I don't have cable in my apartment, but I'm still able to watch TV thanks to the miracle of the internet. Lately, one of my favourite shows has been the unfortunately-named 30 Rock from NBC. If you haven't seen it, drop what you're doing right now and download it from any number of sources. If you're in the states, you can watch full episodes on the NBC website.
I think it is great to see television networks like this offering content for free on their websites, and a recent article from Mediaweek seems to agree with me. Apparently, CBS has found that almost half (46%) of their audience watches CBS shows online and that of those, over a third (35%) are more likely to view shows on the network after seeing them first on the web.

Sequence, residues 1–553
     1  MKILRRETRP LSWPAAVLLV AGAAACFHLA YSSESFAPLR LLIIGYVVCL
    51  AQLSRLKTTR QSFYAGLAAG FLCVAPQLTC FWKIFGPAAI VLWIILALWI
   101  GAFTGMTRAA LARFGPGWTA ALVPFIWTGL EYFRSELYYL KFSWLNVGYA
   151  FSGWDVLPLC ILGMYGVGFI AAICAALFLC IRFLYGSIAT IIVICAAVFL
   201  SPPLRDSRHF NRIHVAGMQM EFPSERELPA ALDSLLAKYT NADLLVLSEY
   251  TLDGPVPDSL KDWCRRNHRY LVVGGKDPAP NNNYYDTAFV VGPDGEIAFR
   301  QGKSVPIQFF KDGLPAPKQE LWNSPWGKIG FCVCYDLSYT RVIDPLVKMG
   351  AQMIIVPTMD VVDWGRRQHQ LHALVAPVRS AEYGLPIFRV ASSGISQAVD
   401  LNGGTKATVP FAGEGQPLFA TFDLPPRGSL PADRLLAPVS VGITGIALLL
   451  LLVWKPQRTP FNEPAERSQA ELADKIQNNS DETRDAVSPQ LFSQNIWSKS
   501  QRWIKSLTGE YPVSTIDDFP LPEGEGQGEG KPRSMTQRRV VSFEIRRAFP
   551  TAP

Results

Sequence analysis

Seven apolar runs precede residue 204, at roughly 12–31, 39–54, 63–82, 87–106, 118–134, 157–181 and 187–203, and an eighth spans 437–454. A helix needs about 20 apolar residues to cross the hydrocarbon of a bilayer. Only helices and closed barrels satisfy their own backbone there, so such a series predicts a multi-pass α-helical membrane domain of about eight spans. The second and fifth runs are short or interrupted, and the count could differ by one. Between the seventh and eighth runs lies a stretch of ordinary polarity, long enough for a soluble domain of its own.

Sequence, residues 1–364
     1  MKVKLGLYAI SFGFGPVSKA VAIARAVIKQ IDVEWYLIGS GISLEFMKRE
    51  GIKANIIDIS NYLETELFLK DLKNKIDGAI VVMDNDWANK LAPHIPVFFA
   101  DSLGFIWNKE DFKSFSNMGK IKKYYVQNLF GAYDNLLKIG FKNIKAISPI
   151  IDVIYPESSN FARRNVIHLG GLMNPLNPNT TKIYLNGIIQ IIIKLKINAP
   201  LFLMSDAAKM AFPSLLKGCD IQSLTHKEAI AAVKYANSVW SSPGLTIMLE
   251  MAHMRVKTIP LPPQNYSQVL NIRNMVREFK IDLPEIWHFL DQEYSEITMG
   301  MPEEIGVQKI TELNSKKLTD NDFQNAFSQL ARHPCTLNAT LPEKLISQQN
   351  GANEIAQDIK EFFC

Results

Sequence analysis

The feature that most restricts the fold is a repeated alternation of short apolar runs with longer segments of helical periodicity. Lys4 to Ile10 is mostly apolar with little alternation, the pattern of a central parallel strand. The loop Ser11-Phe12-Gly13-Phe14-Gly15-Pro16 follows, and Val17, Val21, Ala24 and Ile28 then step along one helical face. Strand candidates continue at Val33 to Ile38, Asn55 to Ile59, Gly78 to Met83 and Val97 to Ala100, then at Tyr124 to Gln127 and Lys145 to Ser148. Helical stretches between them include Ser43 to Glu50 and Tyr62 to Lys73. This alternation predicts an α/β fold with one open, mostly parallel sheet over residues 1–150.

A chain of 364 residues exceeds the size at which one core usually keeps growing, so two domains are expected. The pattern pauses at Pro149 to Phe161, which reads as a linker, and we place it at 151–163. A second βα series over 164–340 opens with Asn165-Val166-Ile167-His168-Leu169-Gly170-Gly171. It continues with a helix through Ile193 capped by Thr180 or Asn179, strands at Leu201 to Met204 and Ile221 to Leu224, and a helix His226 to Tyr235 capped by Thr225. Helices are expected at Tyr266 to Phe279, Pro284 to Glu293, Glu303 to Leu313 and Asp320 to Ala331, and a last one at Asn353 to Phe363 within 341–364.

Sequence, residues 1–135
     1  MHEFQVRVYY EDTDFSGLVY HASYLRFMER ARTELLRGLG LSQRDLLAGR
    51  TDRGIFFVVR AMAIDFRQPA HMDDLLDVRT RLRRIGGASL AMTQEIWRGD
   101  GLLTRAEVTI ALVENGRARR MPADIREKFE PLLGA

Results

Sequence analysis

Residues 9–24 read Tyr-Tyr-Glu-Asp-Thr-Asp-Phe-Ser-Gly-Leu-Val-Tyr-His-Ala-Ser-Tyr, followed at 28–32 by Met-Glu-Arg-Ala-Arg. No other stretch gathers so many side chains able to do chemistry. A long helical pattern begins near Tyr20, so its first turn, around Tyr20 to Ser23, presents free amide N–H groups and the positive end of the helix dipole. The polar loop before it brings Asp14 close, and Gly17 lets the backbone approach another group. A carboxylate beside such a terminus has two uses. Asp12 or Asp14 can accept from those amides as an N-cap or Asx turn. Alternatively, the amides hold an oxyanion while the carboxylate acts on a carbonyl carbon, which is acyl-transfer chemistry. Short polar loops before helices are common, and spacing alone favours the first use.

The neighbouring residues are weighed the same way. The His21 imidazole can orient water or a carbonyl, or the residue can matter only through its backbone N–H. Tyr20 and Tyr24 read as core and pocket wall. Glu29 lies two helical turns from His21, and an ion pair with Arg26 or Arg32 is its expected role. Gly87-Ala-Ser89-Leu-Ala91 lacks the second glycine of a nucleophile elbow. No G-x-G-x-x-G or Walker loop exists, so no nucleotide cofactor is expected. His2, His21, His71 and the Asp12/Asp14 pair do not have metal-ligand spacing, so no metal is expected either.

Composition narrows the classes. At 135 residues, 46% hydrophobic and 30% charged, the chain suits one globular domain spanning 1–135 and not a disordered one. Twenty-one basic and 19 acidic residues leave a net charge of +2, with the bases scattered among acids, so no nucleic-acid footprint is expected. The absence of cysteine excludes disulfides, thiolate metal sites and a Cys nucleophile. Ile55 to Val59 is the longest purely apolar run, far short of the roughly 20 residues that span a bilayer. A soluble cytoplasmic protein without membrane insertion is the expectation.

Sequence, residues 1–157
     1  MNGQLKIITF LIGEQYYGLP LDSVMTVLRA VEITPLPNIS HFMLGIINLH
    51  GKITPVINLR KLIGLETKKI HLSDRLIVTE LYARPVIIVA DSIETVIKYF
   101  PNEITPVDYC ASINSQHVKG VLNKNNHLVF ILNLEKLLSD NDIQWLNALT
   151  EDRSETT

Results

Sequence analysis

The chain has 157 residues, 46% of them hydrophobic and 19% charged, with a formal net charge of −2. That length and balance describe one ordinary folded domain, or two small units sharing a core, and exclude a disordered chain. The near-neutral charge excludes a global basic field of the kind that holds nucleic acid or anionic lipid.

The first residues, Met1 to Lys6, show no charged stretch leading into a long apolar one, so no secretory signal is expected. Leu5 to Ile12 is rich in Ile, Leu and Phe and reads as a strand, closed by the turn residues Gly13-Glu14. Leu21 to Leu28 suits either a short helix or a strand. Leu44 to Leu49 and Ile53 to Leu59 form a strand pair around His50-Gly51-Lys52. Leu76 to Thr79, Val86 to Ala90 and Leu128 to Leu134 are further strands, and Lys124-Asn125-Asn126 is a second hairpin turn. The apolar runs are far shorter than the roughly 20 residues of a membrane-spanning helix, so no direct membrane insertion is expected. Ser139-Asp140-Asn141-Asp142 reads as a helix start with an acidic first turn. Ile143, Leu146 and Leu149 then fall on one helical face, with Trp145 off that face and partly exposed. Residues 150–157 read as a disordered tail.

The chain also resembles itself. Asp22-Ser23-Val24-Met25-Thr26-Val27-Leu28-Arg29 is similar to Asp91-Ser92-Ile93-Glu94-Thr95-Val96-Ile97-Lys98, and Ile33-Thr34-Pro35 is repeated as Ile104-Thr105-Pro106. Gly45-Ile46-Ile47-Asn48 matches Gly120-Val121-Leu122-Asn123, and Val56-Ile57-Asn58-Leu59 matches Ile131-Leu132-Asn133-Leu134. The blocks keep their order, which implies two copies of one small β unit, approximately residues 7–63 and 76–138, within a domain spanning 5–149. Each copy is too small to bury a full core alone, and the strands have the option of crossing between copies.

On this topic, Mitch Joel finds that "the Web is not stealing audience away from TV, but rather helping them to build it."
And while I can't speak for CBS, I know that NBC is doing an excellent job of making use of their online audience. In the versions of 30 Rock that I've been watching, all commercials are edited out but NBC still overlays advertisements on the actual show. Some of these advertisements drive audiences back to the NBC website, such as those offering the full episodes or t-shirts for sale similar to what the characters in the show are wearing, but other ads are for upcoming movies. Either way, NBC is driving audiences back to their website where they can again promote themselves and other shows or at least please their advertisers.
In a similiar vein, Wired.com reports that The Dark Knight made a record breaking $155.3 million at the box office in its first weekend, even though it was widely available for download. I Am Legend, the appoclyptic Will Smith movie from last year experienced similiarly huge profits despite the fact that a DVD-quality screening copy of the movie could be downloaded on the same day as the theatrical release.